This afternoon I went to my gun club with a couple friends and decided to test out some recent acquisitions. It was mostly cloudy with a slight northwest cross-wind and approaching storm coulds over the mountains.
I had originally thought about calling it "The Day of the Nines". (left to right 9x17, 9x18, 9x19 and 9x23) but didn't have enough time.
I found them all to be fairly consistent ate about 25 yards. I typically shot slightly low and to the left before getting accustomed to my aim.
I still recommend these over getting a Belgian Browning Hi-Power considering the price. I don't really see that much difference but I would recommend having the mag safety disconnect removed to get the "drop free mag" capability and to lighten up and smooth smooth out the trigger (although I find one of the new guns has a light tigger pull resulting in some inadvertent "double taps" out of the box). Overall I was quite impressed with these guns and given the that the price is right - I give them two thumbs up.
- Black BladeUPDATE:Well a recent shipment of FN Belgian Hi-Powers came into the US as "Police/Military Trade Ins" and the prices range from $450 and higher". Considering a NIB commercial Belgian would be almost twice as much, these are a relative bargain. I got one with an ambi-safety that has been nicely refinished.
May 1 10 8:03 PM
I recently acquired and added two Hungarian FEG handguns to the collection. One is the SMC-918 and the other is the RK-59 both in 9x18mm Makarov calibre. SMC-918 (left) and RK-59 (right)The FEG SMC model was the smallest pistol ever "legally" imported into the U.S. When K.B.I. observed the popularity of the SMC-380 in the U.S., it decided to import the 9mm Makarov version, the SMC-918. The Hungarians had made this model (with slight modifications) since the late 1950s, with importation beginning in late 1994.The SMC-918 offers the 9mm Makarov cartridge in a package that is appreciably smaller and lighter than the Soviet-designed Makarov pistol or its derivatives. The SMC-918 is, in fact, the smallest pistol currently in production for the Makarov round. The price to pay is a gun that is easier to carry and slightly more difficult to shoot. Given its mission of self-defense, though, that's a compromise many buyers will surely find acceptable. In 1991, Century imported about 3,000 RK-59s into the U.S. The small size of this gun makes it especially handy as a hideout gun, used mostly by high-ranking officials, pilots and various vehicle crews who occasionally need a pistol but are forced to work and fight in confined spaces. Handgun expert Leroy Thompson has argued that the RK-59 is perhaps the world's best military pistol, because it uses a fighting cartridge powerful enough to be taken seriously, yet is compact enough to carry comfortably on the person at all times.A slightly improved version of the RK-59---the SMC-380---appeared in 1991. It's actually the same gun rechambered to the slightly less powerful, albeit better known, .380 ACP round. Its frame is still a lightweight alloy, but for commercial sales it is anodized black to match more closely the blued slide of the pistol. In its military version, the frame is left unfinishedBoth the SMC-918 and the RK-59 magazines are limited to 6 rounds, however, both handguns will accept the 7-round PA-63 magazine. Both guns make for excellent self-defense "pocket rockets" although the RK-59 has a weaker aluminum frame that was resolved in the subsequent production of the BR-61 and PA-63 with the ddition of 0.1% titanium. Both guns have a reasonably decent trigger although some complain about felt recoil. I personally found them to be rather comfortable to shoot compared to most small handguns. I had no trouble feeding FMJ and HP ammo (including Hornady XTP). They are accurate shooters and lend themselves to being excellent deep cover and self defense firearms. I liked them so much I added a few more since they were available. They are getting hard to find these days.- Black Blade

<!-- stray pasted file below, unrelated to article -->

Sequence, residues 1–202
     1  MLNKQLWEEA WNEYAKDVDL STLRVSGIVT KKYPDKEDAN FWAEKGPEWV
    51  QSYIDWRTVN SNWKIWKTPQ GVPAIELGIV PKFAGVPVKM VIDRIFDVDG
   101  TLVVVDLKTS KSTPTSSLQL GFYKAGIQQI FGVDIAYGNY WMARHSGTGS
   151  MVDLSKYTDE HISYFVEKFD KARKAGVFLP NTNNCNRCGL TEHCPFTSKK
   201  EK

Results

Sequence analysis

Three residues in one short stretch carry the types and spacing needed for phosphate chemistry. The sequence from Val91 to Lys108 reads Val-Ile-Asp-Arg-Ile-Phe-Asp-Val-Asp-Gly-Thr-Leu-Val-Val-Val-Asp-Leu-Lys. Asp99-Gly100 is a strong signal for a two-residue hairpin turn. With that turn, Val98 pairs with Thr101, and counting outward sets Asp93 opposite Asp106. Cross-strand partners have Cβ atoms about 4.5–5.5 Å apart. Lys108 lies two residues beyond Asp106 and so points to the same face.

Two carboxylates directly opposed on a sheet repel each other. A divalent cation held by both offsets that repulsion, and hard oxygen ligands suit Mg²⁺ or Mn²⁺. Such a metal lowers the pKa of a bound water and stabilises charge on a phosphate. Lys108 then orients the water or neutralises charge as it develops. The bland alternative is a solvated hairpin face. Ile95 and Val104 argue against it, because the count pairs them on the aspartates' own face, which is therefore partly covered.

May 10 10 1:28 AM
I took out a few Spanish Star Super Modelo (and a Star A) guns to the gun club. These are C&R guns that are chambered in 9x23 Largo. The weather was overcast, at about 55F and a slight north-west crosswind. I had some 1977 9x23 mm Largo ammo to test out as well. The 9mm Largo is comparable to the .38 Super and in fact the Star Super Modelo A guns will shoot the .38 Super without any difficulty. I shot these guns the same day that I tested out the four Argentine FM Hi-Powers. left to right 9x17, 9x18, 9x19 and 9x23 (left to right: Star Super Modelo A and Star A 1922?)The Star A may be either a 1921 or 1922 version. These shoot the 9mm Largo but shooting the Super ,38 is apparently no recommended. All these guns shot very well with no misfires and all fed flawlessly. I was pleasantly surprised at how well these guns shot. They were fairly accurate and given that the ammo is relatively cheap when bought by the case, these are a decent bargain. They are rather accurate at about 25 yards. I don't know where we can get these guns anymore except for secondary auction sites.Sarco Inc. used to sell them for as little as $130 each. They do come in occasionally and I hear that Sarco may still have some from time to time in the future. However, the prices may increase should they become available again. Another potential problem is when the supply of surplus ammo dries up. So far I have a few cases but I should add more as the only other suppliers are commercial makers who make very limited runs. For now they are a "cheap" gun with (for now) availbale "cheap" ammo.- Black Blade